One million homes were left without power as Storm Eunice brings deadly 190 mph hurricanes and freezing temperatures.

MORE THAN a million homes were left without power as killer Storm Eunice hit the country at 122 miles per hour.

There are fears that some Britons could experience disruption until next WEEK as forecasters warn of strong winds over the weekend.


Storm Eunice brought down power lines in Hertfordshire.Credit: Andrew Stychinski
A Million Homes Have Been Left Without Power, And Thousands Face Total Blackouts Until Next Week, When More Hurricanes Kick In.


A million homes have been left without power, and thousands face total blackouts until next week, when more hurricanes kick in.1 credit

While 700,000 properties have been rehabilitated by engineers battling intense conditions, 435,000 households remain without electricity today.

This happens when the mercury falls and ice and snow warnings are issued.

Some interruptions can last two full days and nights, and in rural areas even longer.

Business Secretary Kwasi Kwarteng warned that “there will be more disruptions.”

According to him, helicopters and generators were used to help people.

Property in Cornwall and Devon was particularly hard hit, with 15,000 homes left without power on Friday.

In the meantime, a slew of new weather warnings have been issued, likely exacerbating the problem.

The squall will be followed by eight inches of snow, freezing ice and 80 mph storm winds.

It happens like:

Temperatures will drop to -1°C in some areas tonight.

A new yellow ice warning is in effect across most of Scotland and all the way to England.

Those who live on the east coast will miss the ice blast, but residents in the south, such as in Stoke-on-Trent, are urged to be careful.

The warning is valid until 9 a.m. Saturday.

A separate yellow wind warning is also in effect for the south today from 6:00 am to 6:00 pm.

The warning applies to south Wales, parts of the West Country and the entire south coast.

On Sunday, a yellow wind warning was issued for Scotland and parts of the North West, while a rain warning is in effect between Carlisle and Bakewell in Derbyshire.

And on Monday, another yellow wind warning will be issued across Scotland and the northwest.

🔵 Read our live weather forecast for the latest updates.

At noon, Britain will finally get rid of bad weather.

The chaos on the roads will also continue, with National Rail warning of continued disruptions.

Thousands of trains were canceled on Friday, and railroad chiefs issued a general “do not ride” warning.

All flights to and from London Euston were halted. All services in Wales have also been canceled and Avanti West Coast and Chiltern Railways have suspended their routes.

Aviation analyst firm Cirium estimates that more than 400 flights were canceled just before the start of the six-month break.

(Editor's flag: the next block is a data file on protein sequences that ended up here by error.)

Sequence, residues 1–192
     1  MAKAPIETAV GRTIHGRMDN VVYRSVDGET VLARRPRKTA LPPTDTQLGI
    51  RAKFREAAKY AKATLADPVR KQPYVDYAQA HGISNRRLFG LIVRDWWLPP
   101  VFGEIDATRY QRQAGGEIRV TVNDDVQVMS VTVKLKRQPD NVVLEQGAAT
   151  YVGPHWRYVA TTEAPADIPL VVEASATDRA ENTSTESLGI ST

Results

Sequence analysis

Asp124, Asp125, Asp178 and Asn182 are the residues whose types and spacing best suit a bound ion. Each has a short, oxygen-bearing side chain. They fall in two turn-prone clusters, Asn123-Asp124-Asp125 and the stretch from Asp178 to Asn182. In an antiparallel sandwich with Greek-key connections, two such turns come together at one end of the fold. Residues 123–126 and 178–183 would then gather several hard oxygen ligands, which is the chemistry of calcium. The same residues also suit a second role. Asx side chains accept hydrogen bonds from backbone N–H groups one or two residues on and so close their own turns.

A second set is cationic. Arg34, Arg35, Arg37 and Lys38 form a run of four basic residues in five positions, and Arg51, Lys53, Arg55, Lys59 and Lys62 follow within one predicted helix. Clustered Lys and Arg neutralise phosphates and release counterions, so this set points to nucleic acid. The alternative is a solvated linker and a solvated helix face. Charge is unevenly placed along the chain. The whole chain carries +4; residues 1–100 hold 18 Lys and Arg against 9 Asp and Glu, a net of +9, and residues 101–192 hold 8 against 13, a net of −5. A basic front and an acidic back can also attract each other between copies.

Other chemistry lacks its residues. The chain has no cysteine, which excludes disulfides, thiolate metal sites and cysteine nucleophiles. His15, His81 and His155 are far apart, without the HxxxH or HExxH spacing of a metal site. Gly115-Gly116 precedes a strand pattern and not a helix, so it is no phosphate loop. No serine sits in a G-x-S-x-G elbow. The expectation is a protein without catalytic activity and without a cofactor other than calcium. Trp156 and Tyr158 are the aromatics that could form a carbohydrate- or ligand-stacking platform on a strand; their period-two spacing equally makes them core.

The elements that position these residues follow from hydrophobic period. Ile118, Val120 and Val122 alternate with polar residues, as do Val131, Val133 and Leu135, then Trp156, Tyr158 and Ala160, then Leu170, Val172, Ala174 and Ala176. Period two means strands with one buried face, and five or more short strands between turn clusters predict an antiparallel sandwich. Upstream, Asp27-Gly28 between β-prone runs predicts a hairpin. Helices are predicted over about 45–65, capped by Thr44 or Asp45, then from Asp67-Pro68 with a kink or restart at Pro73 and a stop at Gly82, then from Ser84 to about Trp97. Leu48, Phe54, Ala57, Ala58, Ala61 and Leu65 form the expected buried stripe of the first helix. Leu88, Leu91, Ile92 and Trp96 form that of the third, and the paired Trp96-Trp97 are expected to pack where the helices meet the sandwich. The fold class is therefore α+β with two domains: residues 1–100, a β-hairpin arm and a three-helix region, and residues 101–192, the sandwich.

Unfortunately, three Britons and an Irishman are known to have died during the storm.

A woman in her 30s who was a passenger in the car died in Haringey, London when a tree fell on the car.

The 30-year-old man who was driving was hospitalized. His injuries are not considered life-threatening.


In Hampshire, a man in his 20s was killed and a second man seriously injured when a 10-foot tree fell in the market town of Alton.

A man in his 50s died when debris pierced the windshield of a car in Merseyside.

And a man in his 60s died in County Wexford when he was crushed by a tree while clearing trash.

Elsewhere, three people were taken to hospital – one with serious injuries – after a tree fell on a car in Wiltshire, and two others were injured when a balcony collapsed in London.

According to the Met Office, yesterday’s storms are considered the most severe ever recorded in England.

In the most affected region – the Isle of Wight – gusts of wind at a speed of 190 km / h were recorded.

The gusts there were even stronger than during the Great Storm of 1987, when 18 people died.

London was for the first time covered by a red ‘life-threatening’ weather warning.

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In Croydon, striking footage shows pedestrians being knocked down.

Part of the O2’s roof was also torn off, and staff warned that the establishment could be closed for several months.

The London Fire Brigade announced a major incident after a surge of 999 calls, of which 550 were registered between 10:30 and 13:00, more than the usual 24-hour average.

A Tree In Wadebridge, Cornwall Caught On Power Lines As It Fell.


A tree in Wadebridge, Cornwall caught on power lines as it fell.
Gloomier Weather Is On The Way, With Warnings In Effect Until Monday Afternoon.


Gloomier weather is on the way, with warnings in effect until Monday afternoon.1 credit
Railway Companies Have Warned That There Could Be Problems On The Rails On Saturday.


Railway companies have warned that there could be problems on the rails on Saturday.Credit: Tom Bowles/Story Picture Agency

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